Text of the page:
What do you say was the most rewarding part of your profession?
Without a doubt, the most rewarding aspect of my medical career was the unique relationship that develops between a doctor and patient. The doctor/patient relationship is like no other in that trust has to exist. Few other relationships involve this degree of intimacy and sharing of personal information. Open communication also becomes vital in order to provide the best of care. The trust and appreciation shown by my patients proved incredibly rewarding.
Practicing neurology also proved extremely satisfying. Neurological diagnosis requires careful history taking and examination. This teasing out of clues is paramount to making a correct diagnosis. In a way in this day of enhanced medical imaging and laboratory evaluations neurology is an anachronism. Due to the amount of medical instruments required for the examination, its practitioners may appear old fashioned as they still carry black medical bags.
What do you think is the biggest challenge facing medical care now and in the future?
The inherent conflict between the need to combat rapidly escalating medical costs and the ongoing desire of people for individualized medical care presents the greatest challenge to medicine today. Drastic limitations on time spent with each patient driven by third party reimbursements, increased record keeping requirements, and cookbook medicine detract from patient-specific needs.
I hope the art of medicine and careful communication between doctor and patient will not be compromised in a headlong pursuit of cost saving nor will the art of medicine give way entirely to technological advancements such as in imaging and laboratory evaluation.
The sharing of electronic medical records has potential for great benefit. A less attractive aspect is the growing diminished face-to-face communication among members of the medical team. Such institutions as the “midnight meal” for interns and residents may become a thing of the past. Nevertheless newer means of exchanging and gaining further information than from chart reviews and fostering collegiality will be needed.
Any other projects planned for the writing world of Tom Hutton MD?
At least two projects interest me. First I would like to write a sequel to Carrying The Black Bag, perhaps titled Retiring The Black Bag. With the tremendous number of baby boomers retiring each year, a continuation interests me including my own personal challenge taking off the stethoscope and becoming, what my wife refers to as a real person. Further I wish to share the unusual/incredible role an amazing Border collie named Bandit had in effecting this challenging transition. Moreover the colorful people involved in this important phase in my life would provide interesting reading and relatable events. It might prove helpful to others anticipating and hopefully planning for their own retirements.
Secondly, I am interested in writing an expanded version of the account of Adolf Hitler and his medical problems. In addition to his neurological disorder, Hitler had serious heart disease and a litany of other medical complaints and disorders. The horrendous impact that der Führer had on the twentieth century continues to fascinate and too little attention has been paid to the impact his poor health had on his decision-making.
AT THE FURROW’S END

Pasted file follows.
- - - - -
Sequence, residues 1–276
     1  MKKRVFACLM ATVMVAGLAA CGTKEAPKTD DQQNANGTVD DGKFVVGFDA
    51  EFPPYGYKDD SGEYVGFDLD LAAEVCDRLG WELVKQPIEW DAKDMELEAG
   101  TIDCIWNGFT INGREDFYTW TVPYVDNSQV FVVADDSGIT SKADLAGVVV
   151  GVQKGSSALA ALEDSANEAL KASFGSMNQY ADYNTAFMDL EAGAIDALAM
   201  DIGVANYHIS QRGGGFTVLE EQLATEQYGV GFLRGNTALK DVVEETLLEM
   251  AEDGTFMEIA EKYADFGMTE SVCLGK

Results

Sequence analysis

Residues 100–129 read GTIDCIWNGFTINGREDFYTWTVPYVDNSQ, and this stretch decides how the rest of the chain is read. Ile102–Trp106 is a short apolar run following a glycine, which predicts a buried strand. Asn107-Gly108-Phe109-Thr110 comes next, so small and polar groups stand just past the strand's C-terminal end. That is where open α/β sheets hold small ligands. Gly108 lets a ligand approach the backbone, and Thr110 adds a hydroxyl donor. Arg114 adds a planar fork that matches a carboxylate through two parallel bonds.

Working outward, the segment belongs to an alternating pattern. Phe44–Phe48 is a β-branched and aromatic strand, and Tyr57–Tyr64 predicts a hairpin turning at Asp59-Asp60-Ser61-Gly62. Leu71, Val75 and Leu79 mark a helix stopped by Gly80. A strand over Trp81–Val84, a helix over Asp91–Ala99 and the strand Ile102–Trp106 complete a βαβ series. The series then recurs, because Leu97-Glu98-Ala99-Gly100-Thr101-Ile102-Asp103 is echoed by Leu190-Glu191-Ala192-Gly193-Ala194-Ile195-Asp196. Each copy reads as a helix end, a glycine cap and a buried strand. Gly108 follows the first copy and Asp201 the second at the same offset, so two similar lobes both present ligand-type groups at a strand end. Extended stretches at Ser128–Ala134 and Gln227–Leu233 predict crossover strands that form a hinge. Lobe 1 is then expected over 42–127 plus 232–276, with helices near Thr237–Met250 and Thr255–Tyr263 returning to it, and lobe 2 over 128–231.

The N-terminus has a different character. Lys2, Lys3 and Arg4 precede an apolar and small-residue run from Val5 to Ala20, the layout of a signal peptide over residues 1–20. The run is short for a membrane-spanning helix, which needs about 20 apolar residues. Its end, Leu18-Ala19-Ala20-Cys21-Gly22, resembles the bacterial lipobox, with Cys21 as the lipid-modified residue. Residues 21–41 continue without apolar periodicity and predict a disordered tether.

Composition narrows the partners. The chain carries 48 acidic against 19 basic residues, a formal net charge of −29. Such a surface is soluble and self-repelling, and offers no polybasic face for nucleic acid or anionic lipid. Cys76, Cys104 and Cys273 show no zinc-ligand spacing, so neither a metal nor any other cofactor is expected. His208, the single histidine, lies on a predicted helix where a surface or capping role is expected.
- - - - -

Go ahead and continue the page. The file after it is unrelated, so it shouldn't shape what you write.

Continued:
Heavy double doors banged behind me. I located the unidentified woman responsible for my stat page. A glance revealed a small body eclipsed by monitors, a wheezing ventilator, and a virtual spaghetti bowl of wires and catheters.
Somewhere across the intensive care unit, a ventilator alarm shrieked, a telephone jingled, and infusion pumps thrummed. Nurses with intent facial expressions scurried about the unit on rubber-soled shoes, providing care for these, the very sickest of the hospital’s sick.
(Her husband arrives and provides a surprisingly poignant description, transforming his wife in my eyes)
“Doc, do everything you can.” His voice cracked and faltered before struggling on. He finally blurted out, “I…I love that old gal.”
After his description I no longer could think of Maggie Croft as a shriveled old woman with failing physiology. She had become an energetic harvester who had struggled through desperate decades tightly bonded to her husband. She had evoked the strongest display of public emotion of which I felt Ned Croft capable.
And struggle to save her life we did. We addressed her brain swelling to eke out precious millimeters of space within her skull to buy time for the blood clot to recede. We tried every management strategy to salvage the life of Maggie Croft—but in the end our efforts came to naught.
I recall Ned’s slow pace as he departed the intensive care unit. He pushed at the swinging doors, opening them a crack. Ned glanced back at his deceased wife’s body, his eyes vacant. Ned Croft with his tattered appearance and pained emotions was abruptly lost from view as the doors slammed shut behind him. The complexity of love has baffled the wisest sages. But for me, Ned’s simple utterance said it best. “Doc, I love that old gal.”
Excerpt from Carrying the Black Bag: A Neurologist’s Bedside Tales (Texas Tech University Press) by Tom Hutton, MD
Tom Hutton, M. D., is an internationally-recognized clinical and research neurologist and educator. The past president of the Texas Neurological Society, Dr. Hutton served as professor and vice chairman of the Department of Medical and Surgical Neurology at the Texas Tech School of Medicine. He now lives on his cattle ranch near Fredericksburg, Texas.